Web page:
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PSAT Scores 12/11/2018

Guide to Your PSAT Scores

You just received your PSAT score report, and there are a zillion different scores on this thing!  How did you do, and which scores are most important?

Here's what you need to know about the most important parts of your score report:

The first thing to remember is the PSAT isn’t used for college admissions but high scores can earn you scholarship dollars, including a National Merit Scholarship. Additionally, your PSAT scores are a good predictor for how you may score on the SAT, which will be very important for college admissions and scholarships.

PSAT Scores

The Scores that Pack a Punch

The 3 big scores you should look at:

  • Total Score
  • Evidence-Based Reading & Writing Score
  • Math Score

The PSAT is scored on the same rubric, but a slightly different scale, as the real SAT. While the SAT is scored in a range of 400–1600, the PSAT is scored in a range of 320–1520.

National Percentile

The percentile compares you to everyone else who took the PSAT on the test date. A 90th percentile score means you scored equal or higher than 90% of the students who took the PSAT during that particular administration.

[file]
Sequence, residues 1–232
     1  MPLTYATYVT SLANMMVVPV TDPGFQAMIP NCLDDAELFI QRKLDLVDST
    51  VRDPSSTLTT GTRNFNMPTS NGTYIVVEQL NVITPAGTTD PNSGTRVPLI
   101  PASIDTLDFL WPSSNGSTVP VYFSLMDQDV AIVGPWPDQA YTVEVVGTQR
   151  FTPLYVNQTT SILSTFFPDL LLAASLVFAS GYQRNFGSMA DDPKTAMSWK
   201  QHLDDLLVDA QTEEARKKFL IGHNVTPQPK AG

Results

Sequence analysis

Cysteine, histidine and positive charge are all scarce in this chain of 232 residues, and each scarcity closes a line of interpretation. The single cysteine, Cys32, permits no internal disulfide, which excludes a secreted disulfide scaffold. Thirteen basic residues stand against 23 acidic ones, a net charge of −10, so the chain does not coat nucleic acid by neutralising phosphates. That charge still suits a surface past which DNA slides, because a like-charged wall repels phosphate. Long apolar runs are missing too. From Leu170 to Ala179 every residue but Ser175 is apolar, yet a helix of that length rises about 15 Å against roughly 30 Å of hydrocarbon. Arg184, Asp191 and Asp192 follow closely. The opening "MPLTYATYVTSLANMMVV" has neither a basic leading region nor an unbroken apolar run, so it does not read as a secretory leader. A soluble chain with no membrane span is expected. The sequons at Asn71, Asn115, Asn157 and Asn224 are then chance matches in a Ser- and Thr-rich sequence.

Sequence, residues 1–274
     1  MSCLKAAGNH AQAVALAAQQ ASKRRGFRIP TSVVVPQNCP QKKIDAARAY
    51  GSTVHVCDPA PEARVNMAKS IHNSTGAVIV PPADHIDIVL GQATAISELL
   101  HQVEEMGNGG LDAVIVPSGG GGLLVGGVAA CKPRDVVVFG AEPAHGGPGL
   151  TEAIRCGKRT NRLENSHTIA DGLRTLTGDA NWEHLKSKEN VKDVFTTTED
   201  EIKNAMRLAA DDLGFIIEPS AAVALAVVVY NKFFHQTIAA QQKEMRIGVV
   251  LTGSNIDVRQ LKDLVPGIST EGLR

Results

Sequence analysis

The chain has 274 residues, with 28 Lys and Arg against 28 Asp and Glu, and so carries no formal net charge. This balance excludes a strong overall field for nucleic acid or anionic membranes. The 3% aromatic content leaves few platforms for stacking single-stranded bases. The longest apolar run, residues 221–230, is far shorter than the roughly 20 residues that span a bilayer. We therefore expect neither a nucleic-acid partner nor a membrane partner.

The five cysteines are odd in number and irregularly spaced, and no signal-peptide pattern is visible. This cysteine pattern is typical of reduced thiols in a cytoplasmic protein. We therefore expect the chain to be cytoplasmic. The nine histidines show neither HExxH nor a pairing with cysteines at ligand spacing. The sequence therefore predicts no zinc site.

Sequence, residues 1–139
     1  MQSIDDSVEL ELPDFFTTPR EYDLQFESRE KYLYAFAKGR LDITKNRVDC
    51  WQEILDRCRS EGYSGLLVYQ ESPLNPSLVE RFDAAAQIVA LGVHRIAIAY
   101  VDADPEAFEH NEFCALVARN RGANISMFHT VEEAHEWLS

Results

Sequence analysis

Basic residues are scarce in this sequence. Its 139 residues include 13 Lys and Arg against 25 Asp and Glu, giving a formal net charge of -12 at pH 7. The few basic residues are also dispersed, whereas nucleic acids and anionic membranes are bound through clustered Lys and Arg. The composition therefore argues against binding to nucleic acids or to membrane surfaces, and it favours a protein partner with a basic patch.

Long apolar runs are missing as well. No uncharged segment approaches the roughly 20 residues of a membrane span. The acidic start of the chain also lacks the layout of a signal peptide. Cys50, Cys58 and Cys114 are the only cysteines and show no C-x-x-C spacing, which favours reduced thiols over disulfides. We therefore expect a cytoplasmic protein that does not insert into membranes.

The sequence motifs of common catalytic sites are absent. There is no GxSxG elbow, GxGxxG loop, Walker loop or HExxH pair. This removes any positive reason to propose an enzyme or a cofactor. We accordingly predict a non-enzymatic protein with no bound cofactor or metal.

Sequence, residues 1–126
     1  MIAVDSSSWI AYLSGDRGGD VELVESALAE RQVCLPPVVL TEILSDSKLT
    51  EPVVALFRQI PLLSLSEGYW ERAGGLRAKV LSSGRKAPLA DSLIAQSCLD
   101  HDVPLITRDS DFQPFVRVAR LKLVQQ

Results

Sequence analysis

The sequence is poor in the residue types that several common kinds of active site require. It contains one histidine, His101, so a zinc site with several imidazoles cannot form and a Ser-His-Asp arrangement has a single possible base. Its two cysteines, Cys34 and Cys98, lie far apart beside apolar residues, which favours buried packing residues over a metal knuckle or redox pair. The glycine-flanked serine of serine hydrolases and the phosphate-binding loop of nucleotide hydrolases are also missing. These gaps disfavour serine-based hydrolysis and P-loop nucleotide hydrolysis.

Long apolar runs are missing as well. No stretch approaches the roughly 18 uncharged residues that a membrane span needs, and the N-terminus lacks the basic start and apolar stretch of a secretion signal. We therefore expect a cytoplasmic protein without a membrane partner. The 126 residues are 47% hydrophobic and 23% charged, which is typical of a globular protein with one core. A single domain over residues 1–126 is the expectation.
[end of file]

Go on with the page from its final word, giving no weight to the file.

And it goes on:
Understanding PSAT Scoring

Here's a quick breakdown of what's important about your Big 3 Scores:

 

 Score What is it? Why it's important
TOTAL SCORE
  • Sum of your two section scores 
  • Score range: 320–1520
  • Your total score can help you predict how you may score on the SAT.
  • Use the percentile to see how you rank against other test-takers.
  • High scores and percentiles earn National Merit recognition.
READING & WRITING SCORE
  • 1 of 2 section scores 
  • Score range: 160—760
  • See which section you’re acing and where you might need more prep.
  • Use the percentile to see how you rank against other test-takers.
MATH SCORE
  • 1 of 2 section scores 
  • Score range: 160—760

 

Using Your PSAT Score Report

The PSAT is all about practice. Use your PSAT score report to identify your strengths and weaknesses, so you know what to work on as you prep for the real thing. Example: Are there algebra concepts you need to review? Did you miss picking up points because you ran out of time?

What Could You Score on the SAT?

The PSAT and SAT are scored on slightly different scales, but your TOTAL PSAT score is a direct indicator of your total SAT score. For example, a total PSAT score of 1000 means that, if you took the SAT on the same day, most likely you would have gotten a total SAT score of 1000. 

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Planning Your College Admissions Test Prep Timeline 10/12/2018

Freshman Year: No standardized test for you. Work on your grades!

Sophomore Year:

October – if your school offers the PSAT, it’s a good idea to take it. The PSAT is a “P”reliminary SAT; the contents is similar to the SAT, but the PSAT is shorter, easier, and essay-less.

Two main benefits of taking the PSAT as a sophomore: